If you are new to the game, using this method might help you cheat yourself of some of the story, the natural learning curve of the game, and the overall fun you'd have doing the lower-level quests. For those reasons, I think this will be a much better method for players who are already familiar with RoM. The aim here is to quickly raise an alt that you want to play without having to go through the same quests repeatedly. It also helps to get an alt up to the point that you can quickly start working the level 20+ dailies in Aslan and gain easier access to higher-level resources to supplement your gold income (among any other personal reasons). I wouldn't even bother trying to make money selling drops from dailies before Aslan. Most people quickly level through Silverspring without much need to buy daily-drops along the way.

Start a new alt and get him to level 9 the old-fashioned way. The level 9 gift bag awards two fruit of extra experience. This will give you a bonus 50% XP for one hour. You could move on to the next step from here, but I recommend taking the leap with a cash-shop goodie. You can buy (or gift) an experience potion that gives out 50% XP for one hour and costs eight diamonds; you can buy a powerful experience potion that gives 70% XP for one hour and costs 17 diamonds; or you can move up to a high-quality experience potion that will run you 300 rubies but gives 100% XP for two hours. Since you're leveling an alt, I'm assuming some of you could have some real money invested by the time you'd be wanting to do this. In any case, pick an option and let's move on.

At this point you can head wherever you want because you'll need to shop around in chat for a high-level player to run you through Necropolis of Mirrors in an honor party. The higher he or she is, the better. Once you and your new best friend start the honor party in Varanas, you'll need to be cautious and head through a forest of mobs that can kill you just by looking at you. Once you've safely made it to the entrance of NoM, you can pop your potions and eat your fruit. The fruit of extra experience will stack with a potion, so you could get up to 150% bonus XP.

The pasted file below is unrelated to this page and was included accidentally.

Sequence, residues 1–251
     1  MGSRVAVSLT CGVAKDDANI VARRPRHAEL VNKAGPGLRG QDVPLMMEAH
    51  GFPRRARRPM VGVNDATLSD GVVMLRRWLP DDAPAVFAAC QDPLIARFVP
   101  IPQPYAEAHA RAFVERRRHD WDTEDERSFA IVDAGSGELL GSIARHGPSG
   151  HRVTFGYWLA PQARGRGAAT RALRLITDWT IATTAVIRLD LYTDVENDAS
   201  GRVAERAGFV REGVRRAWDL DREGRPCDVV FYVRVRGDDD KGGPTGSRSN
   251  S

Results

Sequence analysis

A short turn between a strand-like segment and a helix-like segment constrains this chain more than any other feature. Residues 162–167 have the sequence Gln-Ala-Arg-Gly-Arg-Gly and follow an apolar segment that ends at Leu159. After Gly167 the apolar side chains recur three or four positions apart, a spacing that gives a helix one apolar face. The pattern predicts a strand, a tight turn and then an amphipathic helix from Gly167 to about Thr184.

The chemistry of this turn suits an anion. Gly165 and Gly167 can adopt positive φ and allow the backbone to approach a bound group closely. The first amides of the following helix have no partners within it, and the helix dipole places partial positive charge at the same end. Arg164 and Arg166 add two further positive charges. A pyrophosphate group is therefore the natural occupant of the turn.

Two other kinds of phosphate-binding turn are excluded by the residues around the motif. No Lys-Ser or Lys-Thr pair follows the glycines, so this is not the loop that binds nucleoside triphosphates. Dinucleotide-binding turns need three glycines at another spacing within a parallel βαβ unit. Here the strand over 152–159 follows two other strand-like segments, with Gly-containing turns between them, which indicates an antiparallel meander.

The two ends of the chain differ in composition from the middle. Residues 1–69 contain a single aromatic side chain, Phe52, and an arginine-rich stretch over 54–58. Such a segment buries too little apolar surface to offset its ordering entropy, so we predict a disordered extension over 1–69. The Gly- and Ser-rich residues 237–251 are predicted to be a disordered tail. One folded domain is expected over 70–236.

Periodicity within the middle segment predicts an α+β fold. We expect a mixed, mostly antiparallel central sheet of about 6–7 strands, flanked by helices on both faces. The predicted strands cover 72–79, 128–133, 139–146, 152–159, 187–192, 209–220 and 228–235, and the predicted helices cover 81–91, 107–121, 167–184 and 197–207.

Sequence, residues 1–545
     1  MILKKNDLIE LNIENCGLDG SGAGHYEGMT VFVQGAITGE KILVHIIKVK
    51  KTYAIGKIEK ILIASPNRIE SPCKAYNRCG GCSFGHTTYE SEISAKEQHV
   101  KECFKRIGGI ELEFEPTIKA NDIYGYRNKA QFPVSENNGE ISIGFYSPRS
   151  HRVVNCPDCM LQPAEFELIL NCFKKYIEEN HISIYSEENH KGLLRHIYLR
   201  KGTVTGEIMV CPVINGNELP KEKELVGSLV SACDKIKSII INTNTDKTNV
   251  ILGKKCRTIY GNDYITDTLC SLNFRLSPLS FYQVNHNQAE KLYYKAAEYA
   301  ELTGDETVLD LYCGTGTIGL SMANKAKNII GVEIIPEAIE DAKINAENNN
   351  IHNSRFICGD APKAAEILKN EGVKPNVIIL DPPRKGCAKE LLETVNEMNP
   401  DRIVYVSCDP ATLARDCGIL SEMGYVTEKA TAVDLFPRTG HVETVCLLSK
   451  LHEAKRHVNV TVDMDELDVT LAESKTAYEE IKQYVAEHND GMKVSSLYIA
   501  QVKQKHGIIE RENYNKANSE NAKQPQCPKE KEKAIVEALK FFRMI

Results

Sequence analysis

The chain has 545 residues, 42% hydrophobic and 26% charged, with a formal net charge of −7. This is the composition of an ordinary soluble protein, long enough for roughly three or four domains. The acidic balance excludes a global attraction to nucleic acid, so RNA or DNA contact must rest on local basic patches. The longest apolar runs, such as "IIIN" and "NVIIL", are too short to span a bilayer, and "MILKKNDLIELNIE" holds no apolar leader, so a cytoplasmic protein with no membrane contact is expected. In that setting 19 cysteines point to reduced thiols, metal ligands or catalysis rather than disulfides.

Conclusion

The honor party will allow you to receive XP from your friend's kills, and he will be amplified by your buffs. Because you'll be inside a level 30-35 instance, you'll be raking in gobs of XP and leveling extremely quickly. I've only done a few tests, but I used my level 55 Priest and took someone up 14 levels within an hour. My Priest wasn't a good choice to begin with; I'm squishy, NoM has mobs that drain mana, and my cohort decided to leave. It would have gone faster if I were, say, a level 62 Rogue.

The only downside I can see to power-leveling using the honor system is that the high-level player gets nothing out of it except for maybe some fun company, and it will cost him 5,000 gold to start the honor party. This could be negated for him if he uses the remaining time and runs another person through some of the actual quests that would gain him those juicy spirit points.

Note: I'll be elaborating on XP gain, the honor party and other methods of leveling in next week's column.

Each Monday, Jeremy Stratton delivers Lost Pages of Taborea, a column filled with guides, news, and opinions for Runes of Magic. Whether it's a community roundup for new players or an in-depth look at the Rogue/Priest combo, you'll find it all here. Send your questions to jeremy@massively.com.